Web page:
The recipe of getting the right kind of digital transformation - Focus on Culture, not Technology.
It’s been about a year and half since the coronavirus pandemic struck. As a result of this dreaded virus, organisations have been compelled to adapt to the new norm of working remotely or from home and remote. While this has taken a toll on many professionals, several organisations have taken a serious note of it. So while, on the one hand, many companies are striving to improve their digital transformation, on the other hand, there are those focusing more on culture than technology.
More importantly, focusing on culture results in several benefits. From higher employee engagement and increased loyalty to positive and meaningful workplace relationships, and a productive work environment, all prove to be gainful for the organisation at the end of the day.
That’s precisely why senior leaders, including the CXO, must create a strong digital culture. For starters, it empowers employees to deliver better and quicker results. Moreover, it not only attracts and develops good talent, but also helps retain key performers in the organisation needed for digital transformation. And thirdly, the organisational environment is set up to facilitate engagement and boost approaches that will further their strategy.
A BCG study of 40 digital transformations showed that companies which focused on culture are five times more likely to achieve breakthrough performance than those that neglected culture.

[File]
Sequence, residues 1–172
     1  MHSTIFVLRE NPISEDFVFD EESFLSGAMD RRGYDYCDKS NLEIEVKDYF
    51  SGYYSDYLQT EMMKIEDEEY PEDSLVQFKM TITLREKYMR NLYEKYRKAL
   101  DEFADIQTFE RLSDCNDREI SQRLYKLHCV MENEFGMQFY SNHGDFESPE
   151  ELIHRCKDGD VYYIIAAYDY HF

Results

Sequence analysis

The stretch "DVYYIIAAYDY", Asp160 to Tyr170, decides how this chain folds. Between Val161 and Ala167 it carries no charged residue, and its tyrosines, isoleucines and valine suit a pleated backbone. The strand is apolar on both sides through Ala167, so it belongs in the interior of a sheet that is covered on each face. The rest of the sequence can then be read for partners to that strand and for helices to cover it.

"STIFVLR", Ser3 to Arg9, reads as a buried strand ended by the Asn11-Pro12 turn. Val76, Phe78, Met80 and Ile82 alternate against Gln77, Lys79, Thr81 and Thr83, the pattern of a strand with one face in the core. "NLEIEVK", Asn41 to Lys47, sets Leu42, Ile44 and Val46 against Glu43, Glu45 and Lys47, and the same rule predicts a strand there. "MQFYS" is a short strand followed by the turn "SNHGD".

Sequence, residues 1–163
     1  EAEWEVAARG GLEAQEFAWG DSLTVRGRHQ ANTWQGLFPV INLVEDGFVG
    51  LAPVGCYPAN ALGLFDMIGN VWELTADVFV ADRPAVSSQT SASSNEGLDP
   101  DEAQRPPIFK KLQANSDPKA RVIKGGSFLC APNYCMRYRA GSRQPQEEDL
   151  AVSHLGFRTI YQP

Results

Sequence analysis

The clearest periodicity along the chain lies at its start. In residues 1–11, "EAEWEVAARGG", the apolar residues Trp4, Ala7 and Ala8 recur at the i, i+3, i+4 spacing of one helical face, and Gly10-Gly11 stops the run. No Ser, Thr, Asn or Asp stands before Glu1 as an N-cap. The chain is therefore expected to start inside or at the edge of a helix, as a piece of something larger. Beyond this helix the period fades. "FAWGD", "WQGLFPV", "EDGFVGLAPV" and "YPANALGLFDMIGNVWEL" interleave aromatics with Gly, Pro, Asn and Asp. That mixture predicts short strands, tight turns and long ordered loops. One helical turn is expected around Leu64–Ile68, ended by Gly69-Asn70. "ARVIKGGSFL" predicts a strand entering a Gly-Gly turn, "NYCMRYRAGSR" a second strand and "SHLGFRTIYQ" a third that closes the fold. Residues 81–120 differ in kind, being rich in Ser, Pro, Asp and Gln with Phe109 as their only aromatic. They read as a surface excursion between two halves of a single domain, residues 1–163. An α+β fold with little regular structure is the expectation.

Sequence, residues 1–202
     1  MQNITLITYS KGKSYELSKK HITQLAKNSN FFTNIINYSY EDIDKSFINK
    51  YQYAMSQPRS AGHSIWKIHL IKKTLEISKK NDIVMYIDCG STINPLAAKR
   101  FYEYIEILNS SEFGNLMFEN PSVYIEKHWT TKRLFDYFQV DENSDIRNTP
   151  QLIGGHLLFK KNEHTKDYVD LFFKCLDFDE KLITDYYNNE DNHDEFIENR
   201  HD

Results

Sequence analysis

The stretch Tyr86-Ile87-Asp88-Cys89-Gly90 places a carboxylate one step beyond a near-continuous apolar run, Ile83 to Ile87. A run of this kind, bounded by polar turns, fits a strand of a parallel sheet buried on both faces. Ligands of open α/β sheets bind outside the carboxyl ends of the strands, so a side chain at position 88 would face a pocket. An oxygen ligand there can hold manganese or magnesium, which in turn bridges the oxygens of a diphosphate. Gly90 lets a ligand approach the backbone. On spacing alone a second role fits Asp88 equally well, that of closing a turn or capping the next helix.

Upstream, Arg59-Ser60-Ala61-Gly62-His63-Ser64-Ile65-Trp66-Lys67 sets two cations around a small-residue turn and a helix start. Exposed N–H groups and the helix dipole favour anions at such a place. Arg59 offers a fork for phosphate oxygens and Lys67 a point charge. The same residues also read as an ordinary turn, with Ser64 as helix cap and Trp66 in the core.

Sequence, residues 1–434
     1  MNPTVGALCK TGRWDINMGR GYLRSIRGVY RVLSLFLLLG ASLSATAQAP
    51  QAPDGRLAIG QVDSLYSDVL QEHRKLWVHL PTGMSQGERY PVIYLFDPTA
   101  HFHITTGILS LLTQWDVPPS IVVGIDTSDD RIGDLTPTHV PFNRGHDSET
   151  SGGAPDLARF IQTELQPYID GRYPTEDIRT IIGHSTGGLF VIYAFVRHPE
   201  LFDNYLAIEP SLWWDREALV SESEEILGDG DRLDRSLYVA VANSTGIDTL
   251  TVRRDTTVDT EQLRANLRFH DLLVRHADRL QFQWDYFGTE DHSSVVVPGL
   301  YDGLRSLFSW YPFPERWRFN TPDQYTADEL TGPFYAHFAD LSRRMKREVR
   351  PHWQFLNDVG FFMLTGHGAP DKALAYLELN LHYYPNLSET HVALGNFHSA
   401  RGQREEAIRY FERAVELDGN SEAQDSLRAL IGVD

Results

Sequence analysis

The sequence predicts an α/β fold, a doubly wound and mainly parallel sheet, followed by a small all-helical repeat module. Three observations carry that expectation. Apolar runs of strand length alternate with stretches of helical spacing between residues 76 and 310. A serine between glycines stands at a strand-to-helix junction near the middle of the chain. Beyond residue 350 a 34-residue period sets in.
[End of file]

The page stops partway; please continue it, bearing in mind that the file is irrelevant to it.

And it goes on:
There are five key gains from fostering a digital culture:
- Peeking outside the organisation: A digital culture encourages employees to look outward and engage with customers and partners to develop new solutions. An apt example of this is focus on the customer journey — in which employees improve product development and enhance customer experience by putting themselves in the customer’s shoes.
- Incorporating delegation over control: The decision-making is diffused in the organisation. So instead of giving detailed instructions to employees, they follow guiding principles so their judgment can be trusted.
- Encouraging innovation over caution: Employees are encouraged to take risks, fail and learn, and discouraged from following the beaten path out of habit or being cautious.
- More Emphasis on Action than Planning: A rapidly changing digital world demands that planning and decision making shifts focus from long term to short term. A digital culture promotes speed and continuous evolution of the product or service instead of perfecting it before releasing it into the market.
- Valuing collaboration over individual efforts: A digital culture thrives on team effort and sharing of information across different functions in the organisation. interaction and transparency. Additionally, the fast pace of the digital work works better on iteration and transparency.
Tom Reichert, global leader, DigitalBCG, perfectly sums up the significance of focusing more on culture than technology in today’s rapidly changing world. He says, “When it comes to creating a digital culture, the scarcest resource isn’t necessarily technological know-how but leadership. The role of leaders fundamentally changes. They need to learn new behaviors and let go of old habits. Finding the right balance between alignment and autonomy is the ultimate test of leadership during a digital transformation.”